The AATCC Foundation Percy W Woodruff Jr Textile Manufacturing Scholarship is a $2,000 scholarship supporting a non-traditional, undergraduate college student in Clemson University’s Department of Materials Science and Engineering (MSE).
- Clemson University Department of Materials Science and Engineering (see Selection Criteria note)
- “Non-traditional student” –this could be any student who is disadvantaged in some sense: perhaps by race or ethnicity or perhaps by getting started in college in the wrong major and experiencing a low initial grade point ratio (GPR) that results in the student being ineligible for traditional financial assistance
- Non-traditional student status (based on personal statement)
- Financial need
- Preference to students NOT in their final year before graduation
- Textile manufacturing experience (e.g., internship or co-op)
- Expectation of graduation in a reasonable time period
NOTE: If no eligible student from Clemson University MSE is identified, the funds will be provided to Gaston College in support of one or more student(s). Eligible Gaston College students will be identified directly by college faculty rather than through the online application process.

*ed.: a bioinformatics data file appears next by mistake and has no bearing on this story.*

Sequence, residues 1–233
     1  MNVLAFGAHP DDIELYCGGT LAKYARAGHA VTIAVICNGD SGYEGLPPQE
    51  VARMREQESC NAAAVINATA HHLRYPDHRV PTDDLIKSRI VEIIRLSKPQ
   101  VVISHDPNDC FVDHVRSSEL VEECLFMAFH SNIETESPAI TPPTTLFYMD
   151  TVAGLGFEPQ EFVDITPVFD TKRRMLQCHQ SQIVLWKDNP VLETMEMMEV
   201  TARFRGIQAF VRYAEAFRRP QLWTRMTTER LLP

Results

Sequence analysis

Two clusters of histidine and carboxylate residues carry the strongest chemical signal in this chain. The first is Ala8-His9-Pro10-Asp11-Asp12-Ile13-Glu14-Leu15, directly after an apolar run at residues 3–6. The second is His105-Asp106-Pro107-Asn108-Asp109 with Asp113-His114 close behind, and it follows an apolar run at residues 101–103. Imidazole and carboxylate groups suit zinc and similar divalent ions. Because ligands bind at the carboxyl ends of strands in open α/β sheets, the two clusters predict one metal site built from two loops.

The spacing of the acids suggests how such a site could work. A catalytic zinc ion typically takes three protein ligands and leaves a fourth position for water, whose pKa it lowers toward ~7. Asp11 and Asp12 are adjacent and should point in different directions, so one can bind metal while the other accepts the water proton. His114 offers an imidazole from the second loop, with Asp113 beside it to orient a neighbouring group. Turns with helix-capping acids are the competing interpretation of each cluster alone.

Applications due March 31. Recipients will be announced by May 30.
Applications must include:
- Resume or letter of work experience (including internships)
- Personal statement of 500 words or less, freely expressing interest in textile or related field, academic and professional aspirations, financial need and expectations, with particular emphasis on non-traditional status and intended career following graduation
- Copy of your most recent transcripts
Complete the AATCC Foundation scholarship application form to be considered for this and other AATCC Foundation scholarships.
For questions, contact AATCC Foundation Inc at 919.549.3524 or email Debra Hibbard.
Percy W Woodruff Jr
The Woodruff Textile Manufacturing Scholarship is named for Percy W Woodruff Jr, who was a non-traditional university student. The oldest of five children, whose father achieved up to a 6th grade education, Percy worked many jobs in high school in order to pay his way to North Carolina State University. These jobs included stage managing for a Raleigh theater, textile manufacturing, and paper manufacturing. Despite the large number of jobs, the only way he could afford to complete his college education was through the GI Bill as a WWII veteran and income from his wife’s teaching career. After graduating from college with a degree in Textiles, he spent his career in the US textile industry, retiring from Burlington Industries.